Family members announced his death through his official website. “David Bowie died peacefully today surrounded by his family after a courageous 18 month battle with cancer,” the statement said. “While many of you will share in this loss, we ask that you respect the family’s privacy during their time of grief.”
His son Duncan Jones also confirmed the news on Twitter. ...
Artist who blazed a trail of musical trends and pop fashion, reinventing himself, his music and media across many decades
Until the last, David Bowie, who has died of cancer, was still capable of springing surprises. His latest album, Blackstar, appeared on his 69th birthday on 8 January, and showed that his gift for making dramatic statements as well as challenging, disturbing music had not deserted him.
Throughout the 1970s, Bowie was a trailblazer of musical trends and pop fashion. Having been a late-60s mime and cabaret entertainer, he evolved into a singer-songwriter, and a pioneer of glam-rock, then veered into what he called “plastic soul”, before moving to Berlin to create innovative electronic music.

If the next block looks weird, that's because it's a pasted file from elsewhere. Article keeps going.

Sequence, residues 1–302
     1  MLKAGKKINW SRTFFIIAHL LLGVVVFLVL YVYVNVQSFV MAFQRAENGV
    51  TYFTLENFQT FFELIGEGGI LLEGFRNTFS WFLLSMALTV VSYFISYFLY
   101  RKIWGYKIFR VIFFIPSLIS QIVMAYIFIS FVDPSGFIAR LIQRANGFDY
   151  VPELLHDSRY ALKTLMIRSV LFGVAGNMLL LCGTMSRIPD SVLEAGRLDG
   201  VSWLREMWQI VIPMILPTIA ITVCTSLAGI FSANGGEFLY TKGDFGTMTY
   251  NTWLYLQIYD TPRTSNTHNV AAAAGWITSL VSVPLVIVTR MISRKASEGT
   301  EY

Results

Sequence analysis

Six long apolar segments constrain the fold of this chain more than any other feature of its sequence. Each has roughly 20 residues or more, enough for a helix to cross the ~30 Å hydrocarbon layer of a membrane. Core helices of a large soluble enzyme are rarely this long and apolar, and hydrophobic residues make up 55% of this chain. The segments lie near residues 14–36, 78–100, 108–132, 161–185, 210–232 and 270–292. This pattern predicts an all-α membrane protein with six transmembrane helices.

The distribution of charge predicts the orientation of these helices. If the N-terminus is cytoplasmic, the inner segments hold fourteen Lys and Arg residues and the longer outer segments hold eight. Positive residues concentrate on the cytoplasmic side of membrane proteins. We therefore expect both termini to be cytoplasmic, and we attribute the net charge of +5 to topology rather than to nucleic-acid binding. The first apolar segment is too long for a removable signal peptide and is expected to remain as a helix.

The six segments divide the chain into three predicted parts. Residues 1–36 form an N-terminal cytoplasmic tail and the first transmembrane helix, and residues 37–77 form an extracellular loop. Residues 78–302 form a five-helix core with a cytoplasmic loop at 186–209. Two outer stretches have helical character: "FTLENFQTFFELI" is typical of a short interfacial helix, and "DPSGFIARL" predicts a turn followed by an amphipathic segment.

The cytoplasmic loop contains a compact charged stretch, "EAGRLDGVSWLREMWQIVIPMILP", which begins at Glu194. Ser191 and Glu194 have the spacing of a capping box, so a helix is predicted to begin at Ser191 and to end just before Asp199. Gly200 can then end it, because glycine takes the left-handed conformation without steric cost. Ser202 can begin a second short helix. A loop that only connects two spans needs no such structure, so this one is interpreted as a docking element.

In subsequent decades his influence became less pervasive, but he remained creatively restless and constantly innovative across a variety of media. His capacity for mixing brilliant changes of sound and image underpinned by a genuine intellectual curiosity is rivalled by few in pop history. Blackstar was proof that this curiosity had not diminished in his later career.
Bowie was born David Robert Jones in Brixton, south London. His mother, Peggy, had met his father, John, after he was demobilised from second world war service in the Royal Fusiliers. John subsequently worked for the Barnardo’s children’s charity. They married in September 1947, eight months after David’s birth, when John’s divorce from his first wife, Hilda, became absolute. ...